Siesta In Cabo

If you're taking a vacation to Los Cabos, you’re probably planning a siesta or two. And why not? In today's high-tech, non-stop digital world we’re constantly bombarded with all kinds of data. We all need a break and a mid-day siesta is a perfect way to recharge and relax while on vacation.

While the tradition of the Siesta varies from place to place it is still observed to some extent in Los Cabos. The tradition of napping actually dates back thousands of years with modern siestas originating in Spain. The name comes from the Latin “hora sexta”, which literally means "the sixth hour." Since the hours of the day used to begin at dawn, the sixth hour is noon and this is when siestas often begin.

Spain’s influence as a global trendsetter made siestas a common practice in Spanish-speaking nations around the world. Siestas typically occur in hot climates, allowing people to sleep through the hottest part of the day and avoid the sun’s strong midday rays.

While the siesta is now considered a luxury, it was once thought to be a physical necessity, since it is important for people in hot climates to have a quick afternoon rest to restore their energy levels. It’s believed that Spain introduced the siesta centuries ago to provide their farmers with a time to rest during peak temperatures.

You won’t find many people taking a siesta in a big city, like Mexico City. You may however find siestas are more common in rural or vacation destinations. No matter the reason, taking a siesta in Cabo is a tradition practiced widely from place to place. Depending on the location and local culture, some professional businesses will close for a few hours each afternoon and some will stay open. Banks, large department stores and government offices usually stay open all day. Smaller businesses, like your local accountant or restaurant owner may choose to close. Art galleries, retail stores and pharmacies all vary in their hours of operation. It’s always good to check a local businesses’ hours to see if they include a mid-day break.

There are also variations in the way people choose to siesta. Some workers trying to avoid the heat will lay on a blanket under a shade tree. When no tree is available any shade will do like a building, umbrella or the bed of your truck. You can certainly siesta in a bed if you’re in a home or staying with friends. Or, if you prefer a real challenge, you can try and take a siesta in a hammock.

Hammocks are widely found in Los Cabos, and while similar to those found in some backyards in the US they are much stronger and more comfortable. Most people prefer hammocks to beds because of the extreme heat and lack of air conditioning. However, please be warned: you must enter a hammock butt-first. Chances are if you just try to jump in you’ll find yourself on the floor. So when getting into a hammock your butt is the advantage - and the bigger the butt the bigger the advantage because if you have a big butt you have more leverage. You can insert your favorite butt song here, but just remember to Back That Ass Up when getting into a hammock! The rest of your body will feel much better not having fallen on the ground while trying to take a siesta!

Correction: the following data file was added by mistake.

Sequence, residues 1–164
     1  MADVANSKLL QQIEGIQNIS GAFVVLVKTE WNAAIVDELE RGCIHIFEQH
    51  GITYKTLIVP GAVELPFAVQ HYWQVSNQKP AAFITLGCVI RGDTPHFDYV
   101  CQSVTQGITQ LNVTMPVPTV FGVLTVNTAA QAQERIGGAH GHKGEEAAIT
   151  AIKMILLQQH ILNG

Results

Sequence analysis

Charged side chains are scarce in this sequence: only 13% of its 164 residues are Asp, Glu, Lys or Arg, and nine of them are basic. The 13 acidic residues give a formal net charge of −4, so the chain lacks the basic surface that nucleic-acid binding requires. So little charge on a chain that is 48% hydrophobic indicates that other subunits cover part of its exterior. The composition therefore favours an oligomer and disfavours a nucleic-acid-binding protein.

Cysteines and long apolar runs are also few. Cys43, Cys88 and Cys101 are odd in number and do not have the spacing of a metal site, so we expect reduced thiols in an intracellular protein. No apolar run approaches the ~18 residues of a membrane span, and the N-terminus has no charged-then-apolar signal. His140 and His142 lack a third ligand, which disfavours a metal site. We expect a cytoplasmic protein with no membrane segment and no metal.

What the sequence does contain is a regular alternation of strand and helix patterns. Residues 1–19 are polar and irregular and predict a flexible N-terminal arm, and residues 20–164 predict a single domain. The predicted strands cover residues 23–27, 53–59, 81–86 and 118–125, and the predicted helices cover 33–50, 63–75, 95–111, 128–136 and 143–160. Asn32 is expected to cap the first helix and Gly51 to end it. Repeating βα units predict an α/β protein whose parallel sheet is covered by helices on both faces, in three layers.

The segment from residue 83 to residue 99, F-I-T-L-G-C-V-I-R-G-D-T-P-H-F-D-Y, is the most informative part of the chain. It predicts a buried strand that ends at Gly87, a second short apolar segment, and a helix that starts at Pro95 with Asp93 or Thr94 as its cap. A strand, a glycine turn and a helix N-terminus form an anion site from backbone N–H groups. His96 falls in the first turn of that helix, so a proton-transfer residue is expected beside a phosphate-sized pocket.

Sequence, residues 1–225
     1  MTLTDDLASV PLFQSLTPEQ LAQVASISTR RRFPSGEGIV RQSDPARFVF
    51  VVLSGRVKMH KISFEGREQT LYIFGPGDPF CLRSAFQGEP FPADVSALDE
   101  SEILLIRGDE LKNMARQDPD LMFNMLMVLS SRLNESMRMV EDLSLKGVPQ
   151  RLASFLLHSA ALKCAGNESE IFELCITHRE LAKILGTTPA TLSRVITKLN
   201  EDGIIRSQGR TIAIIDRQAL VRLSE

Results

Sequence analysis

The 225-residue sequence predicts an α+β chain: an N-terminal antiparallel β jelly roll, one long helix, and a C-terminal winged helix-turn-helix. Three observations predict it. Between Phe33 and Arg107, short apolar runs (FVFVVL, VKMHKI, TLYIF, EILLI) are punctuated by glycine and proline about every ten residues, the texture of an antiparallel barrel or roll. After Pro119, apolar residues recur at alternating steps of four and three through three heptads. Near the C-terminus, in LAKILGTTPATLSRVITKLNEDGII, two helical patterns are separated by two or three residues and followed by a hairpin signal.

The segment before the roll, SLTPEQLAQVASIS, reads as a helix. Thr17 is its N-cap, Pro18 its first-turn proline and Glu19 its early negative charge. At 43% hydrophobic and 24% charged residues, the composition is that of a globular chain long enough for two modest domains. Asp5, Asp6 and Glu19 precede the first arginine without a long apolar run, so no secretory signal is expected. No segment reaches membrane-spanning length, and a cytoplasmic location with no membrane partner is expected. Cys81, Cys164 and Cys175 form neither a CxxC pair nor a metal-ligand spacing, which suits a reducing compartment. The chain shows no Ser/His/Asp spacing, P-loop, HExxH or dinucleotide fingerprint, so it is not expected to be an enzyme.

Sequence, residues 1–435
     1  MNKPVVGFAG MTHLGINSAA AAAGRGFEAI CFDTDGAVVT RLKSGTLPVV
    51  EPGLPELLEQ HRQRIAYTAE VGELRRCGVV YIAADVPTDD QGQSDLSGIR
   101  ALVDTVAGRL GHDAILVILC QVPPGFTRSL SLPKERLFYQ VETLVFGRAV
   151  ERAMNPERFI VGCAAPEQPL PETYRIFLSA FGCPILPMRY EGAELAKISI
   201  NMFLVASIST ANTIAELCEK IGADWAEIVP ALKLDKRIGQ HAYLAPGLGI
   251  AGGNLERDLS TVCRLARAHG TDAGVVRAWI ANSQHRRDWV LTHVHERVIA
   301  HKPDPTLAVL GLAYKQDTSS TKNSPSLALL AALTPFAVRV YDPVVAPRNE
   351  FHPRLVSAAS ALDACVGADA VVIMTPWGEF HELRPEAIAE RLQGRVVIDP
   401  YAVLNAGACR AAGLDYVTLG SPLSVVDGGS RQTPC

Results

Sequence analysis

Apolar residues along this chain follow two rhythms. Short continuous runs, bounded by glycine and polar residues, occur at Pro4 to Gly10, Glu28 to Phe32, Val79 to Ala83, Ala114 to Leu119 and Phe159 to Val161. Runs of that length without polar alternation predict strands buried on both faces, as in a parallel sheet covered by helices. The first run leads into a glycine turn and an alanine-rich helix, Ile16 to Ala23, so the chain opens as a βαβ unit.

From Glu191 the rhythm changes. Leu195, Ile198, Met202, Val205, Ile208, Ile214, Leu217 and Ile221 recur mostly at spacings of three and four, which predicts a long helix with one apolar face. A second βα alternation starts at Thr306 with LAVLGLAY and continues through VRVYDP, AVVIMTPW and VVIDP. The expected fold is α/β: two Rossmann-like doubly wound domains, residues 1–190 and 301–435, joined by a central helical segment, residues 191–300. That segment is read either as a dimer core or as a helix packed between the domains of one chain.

From a medical perspective, there appears to be some support for the idea that people all over the world - not just those in warm climates - should take a siesta and rest for a short time in the afternoon to revive their energy levels.

Many experts believe humans are "biphasic" and therefore need two periods of sleep each day: a long uninterrupted period at night and a much shorter one during the day. Unlike most other mammals that nap, many people try to make it through every day without a nap. In Cabo, this is no bueno!

However as most adults can agree, early afternoon often brings with it a drop in energy and productivity. During this ‘afternoon’ part of the day, it can be hard to concentrate and get things done. A short nap often restores alertness and concentration, allowing us to be more productive the rest of the day.

If you decide to take a siesta, the question is - how long should you nap? Although traditional Spanish siestas can last more than two hours to avoid the heat, most experts believe a short 10- to 20-minute nap is enough to improve health and productivity.

Of course, if you don't get enough sleep at night, you'll need an afternoon nap even more. Trying to “catch up" on sleep is not a good pattern to get started, so it's best to get sufficient rest each night. Napping will not make up for serious sleep deficiencies over time.

With more people spending more time in modern air-conditioned offices, there is less need for a siesta to avoid the heat of midday. As a result, many Spanish businesses are taking siestas less and less as they try to observe a work schedule more like the rest of Europe & the US.

Many Spanish people still look forward to the daily siesta. Although many don't actually sleep during this time they do enjoy a break from work to spend time with family and friends over the course of a leisurely meal. Even without sleeping, this break from routine serves to refresh them so they can finish the day strong.

Although the siesta is still popular today, it has evolved over time. In regions like Northern Spain, Southern Argentina, and Chile, where the heat isn’t as stifling, physical brakes aren’t as needed, so the siesta is often a time for people to break up their work day and go home to enjoy time with family and friends—and not always take a nap. Instead, people will have a leisurely family lunch. Regardless of how people spend it, the siesta is one of the most embraced Spanish traditions and a common practice in Cabo.

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